I am considering a solar array on the roof of my home. What steps should I take with efficiency and energy savings in mind?
When I tell people I work in energy efficiency, one of the first responses I hear is, “Oh, I’m thinking about getting solar installed on my house.” I hear it around campfires, meeting other parents at the park and on the ride to the airport.
Most people don’t realize solar is not energy efficiency. Solar is generating energy. Energy efficiency is finding ways to use less energy. I can see the association because both are thought of as beneficial to the environment and a way to save money.
My follow-up question is, “What are your motivations for installing solar?”
In my experience, people are motivated by saving money, concern for the environment or both. Focusing first on energy efficiency addresses both motivations.
Here are considerations if you are interested in installing solar.
Solar systems are sized based on a home’s energy needs. The larger the system, the higher the cost. Before installing solar, make sure your home is as energy efficient as possible. That means it will use less energy and allow you to install a smaller solar system — which will save money and reduce your home’s environmental impact.
Verify the efficiency of your lighting, HVAC systems and insulation. A fully insulated and air-sealed home uses less energy, and those measures are less expensive than solar panels. Finish these energy efficiency projects before installing solar.
Consider your overall out-of-pocket expenses. The expected lifespan of a heating and cooling system is 15 to 25 years. Check the age and condition of your HVAC equipment and consider the expenses of replacement. If something happens, will you be able to afford to fix or replace it?
Consider the age, orientation and shade of your roof. It is more difficult — and expensive — to reroof a home with solar panels. Will the roof need to be replaced before the solar panels need to be replaced?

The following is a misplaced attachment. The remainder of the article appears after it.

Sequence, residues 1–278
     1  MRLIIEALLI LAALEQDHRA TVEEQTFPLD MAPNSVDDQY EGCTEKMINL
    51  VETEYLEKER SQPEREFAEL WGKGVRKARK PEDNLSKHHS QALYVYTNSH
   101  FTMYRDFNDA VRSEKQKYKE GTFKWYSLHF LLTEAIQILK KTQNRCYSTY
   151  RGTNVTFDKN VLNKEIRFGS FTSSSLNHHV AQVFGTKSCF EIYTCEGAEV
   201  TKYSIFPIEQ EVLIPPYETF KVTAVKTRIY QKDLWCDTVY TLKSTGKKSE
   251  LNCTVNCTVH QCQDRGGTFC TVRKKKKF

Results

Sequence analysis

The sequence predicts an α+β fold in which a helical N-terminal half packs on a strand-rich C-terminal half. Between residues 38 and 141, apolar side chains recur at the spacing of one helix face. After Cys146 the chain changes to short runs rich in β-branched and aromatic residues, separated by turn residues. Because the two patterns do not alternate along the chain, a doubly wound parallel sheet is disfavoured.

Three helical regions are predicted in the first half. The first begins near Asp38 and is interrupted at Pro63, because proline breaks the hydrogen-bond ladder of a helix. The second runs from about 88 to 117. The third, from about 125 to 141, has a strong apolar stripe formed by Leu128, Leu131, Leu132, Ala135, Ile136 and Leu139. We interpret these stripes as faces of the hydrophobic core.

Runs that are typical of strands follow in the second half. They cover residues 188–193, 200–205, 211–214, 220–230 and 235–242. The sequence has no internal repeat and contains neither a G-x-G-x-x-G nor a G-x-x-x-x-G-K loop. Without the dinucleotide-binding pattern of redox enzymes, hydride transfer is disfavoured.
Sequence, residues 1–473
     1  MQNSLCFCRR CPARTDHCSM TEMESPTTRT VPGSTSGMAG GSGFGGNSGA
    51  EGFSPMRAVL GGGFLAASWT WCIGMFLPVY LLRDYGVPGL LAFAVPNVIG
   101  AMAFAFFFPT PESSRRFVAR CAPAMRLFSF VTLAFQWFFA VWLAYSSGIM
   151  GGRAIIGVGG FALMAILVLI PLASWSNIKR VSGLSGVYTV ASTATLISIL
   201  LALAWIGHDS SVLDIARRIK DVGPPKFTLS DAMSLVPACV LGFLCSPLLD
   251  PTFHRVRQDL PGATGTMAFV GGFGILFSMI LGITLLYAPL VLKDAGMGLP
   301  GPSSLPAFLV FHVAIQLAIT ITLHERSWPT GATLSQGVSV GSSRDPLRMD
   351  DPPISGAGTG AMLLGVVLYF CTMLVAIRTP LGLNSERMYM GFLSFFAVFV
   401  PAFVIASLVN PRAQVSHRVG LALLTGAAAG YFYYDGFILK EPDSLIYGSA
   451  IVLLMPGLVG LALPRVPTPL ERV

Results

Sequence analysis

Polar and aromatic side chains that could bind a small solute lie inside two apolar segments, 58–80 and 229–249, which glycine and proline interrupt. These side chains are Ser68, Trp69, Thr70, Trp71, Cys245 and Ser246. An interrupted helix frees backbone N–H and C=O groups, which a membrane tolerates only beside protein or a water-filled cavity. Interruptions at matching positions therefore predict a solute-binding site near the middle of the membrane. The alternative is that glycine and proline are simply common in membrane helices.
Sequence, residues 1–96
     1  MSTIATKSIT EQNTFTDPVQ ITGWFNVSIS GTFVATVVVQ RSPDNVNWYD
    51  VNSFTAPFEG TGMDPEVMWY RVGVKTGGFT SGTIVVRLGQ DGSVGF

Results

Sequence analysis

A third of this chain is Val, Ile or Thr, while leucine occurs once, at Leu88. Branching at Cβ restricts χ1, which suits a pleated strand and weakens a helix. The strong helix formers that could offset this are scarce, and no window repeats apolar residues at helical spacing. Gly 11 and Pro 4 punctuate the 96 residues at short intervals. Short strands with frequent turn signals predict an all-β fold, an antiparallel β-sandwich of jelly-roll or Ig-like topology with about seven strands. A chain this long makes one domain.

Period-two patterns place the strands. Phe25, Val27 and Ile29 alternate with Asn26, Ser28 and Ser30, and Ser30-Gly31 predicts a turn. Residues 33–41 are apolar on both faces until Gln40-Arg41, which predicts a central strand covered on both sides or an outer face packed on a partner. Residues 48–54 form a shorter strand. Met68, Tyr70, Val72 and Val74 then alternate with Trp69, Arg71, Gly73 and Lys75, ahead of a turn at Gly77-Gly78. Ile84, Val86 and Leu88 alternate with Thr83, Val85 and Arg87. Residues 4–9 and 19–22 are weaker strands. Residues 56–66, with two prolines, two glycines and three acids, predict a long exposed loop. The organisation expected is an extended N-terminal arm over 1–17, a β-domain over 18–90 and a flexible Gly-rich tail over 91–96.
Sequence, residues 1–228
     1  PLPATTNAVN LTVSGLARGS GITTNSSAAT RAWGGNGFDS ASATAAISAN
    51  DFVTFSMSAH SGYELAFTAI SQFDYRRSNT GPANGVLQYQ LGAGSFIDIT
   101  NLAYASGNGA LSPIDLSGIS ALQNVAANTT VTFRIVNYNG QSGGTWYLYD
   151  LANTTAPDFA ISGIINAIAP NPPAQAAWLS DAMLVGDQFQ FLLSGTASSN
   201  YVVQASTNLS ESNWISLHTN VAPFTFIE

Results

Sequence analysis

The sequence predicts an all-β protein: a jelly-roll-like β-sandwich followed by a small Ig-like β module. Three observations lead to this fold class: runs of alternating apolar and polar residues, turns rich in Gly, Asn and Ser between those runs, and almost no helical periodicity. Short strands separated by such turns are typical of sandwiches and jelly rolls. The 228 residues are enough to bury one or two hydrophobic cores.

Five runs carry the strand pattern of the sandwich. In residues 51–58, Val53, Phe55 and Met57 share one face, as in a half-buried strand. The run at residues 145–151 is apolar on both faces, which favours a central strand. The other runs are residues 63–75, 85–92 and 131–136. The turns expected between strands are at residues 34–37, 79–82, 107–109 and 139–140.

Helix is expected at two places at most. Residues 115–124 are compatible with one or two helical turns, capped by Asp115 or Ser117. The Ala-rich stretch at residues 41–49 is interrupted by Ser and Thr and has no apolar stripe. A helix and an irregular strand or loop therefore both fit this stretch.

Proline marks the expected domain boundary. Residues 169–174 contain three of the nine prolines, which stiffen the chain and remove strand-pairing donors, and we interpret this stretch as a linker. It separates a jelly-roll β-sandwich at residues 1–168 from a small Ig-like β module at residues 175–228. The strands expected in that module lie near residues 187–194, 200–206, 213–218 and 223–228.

The best orientation for solar panels is south facing to receive direct light throughout the day. A shaded roof helps keep your home cool in the summertime but reduces solar energy production.
A solar system doesn’t last forever. Lifespans range from 25 to 30 years. As systems degrade over time, they produce less energy. Maintenance and repairs may be needed.
Electric Bills and Storage
Solar is not “off the grid.” Unless you plan to disconnect from your electric co-op, you will still receive a monthly bill.
Solar panels only produce power when the sun is shining. If you want power to your home at other times, like after dark, you need to be connected to your electric co-op or invest in a battery storage system — that comes at an additional cost.
During power outages, don’t assume solar panels will supply you with power. Typical solar interconnection to the grid requires the panels to shut down during a power outage. This protects lineworkers from injury while making repairs.
Contact Your Electric Co-op
Solar contractors often work in several utility service territories and may not be familiar with your co-op’s offerings, rate structures and interconnection agreements.
Before signing an agreement, check with your electric co-op for local information rather than relying solely on the contractor’s information.
As with any other system for your home, I recommend getting bids from three contractors to compare equipment and pricing.
Another option may be community-owned solar. Some electric co-ops offer community solar programs. You may have an option to enjoy the benefits of solar without the responsibilities of ownership and maintenance.
Understanding these considerations before installing solar will ensure you meet your money-saving and environmental goals.
Miranda Boutelle is the director of operations and customer engagement at Efficiency Services Group in Oregon, a cooperatively owned energy efficiency company.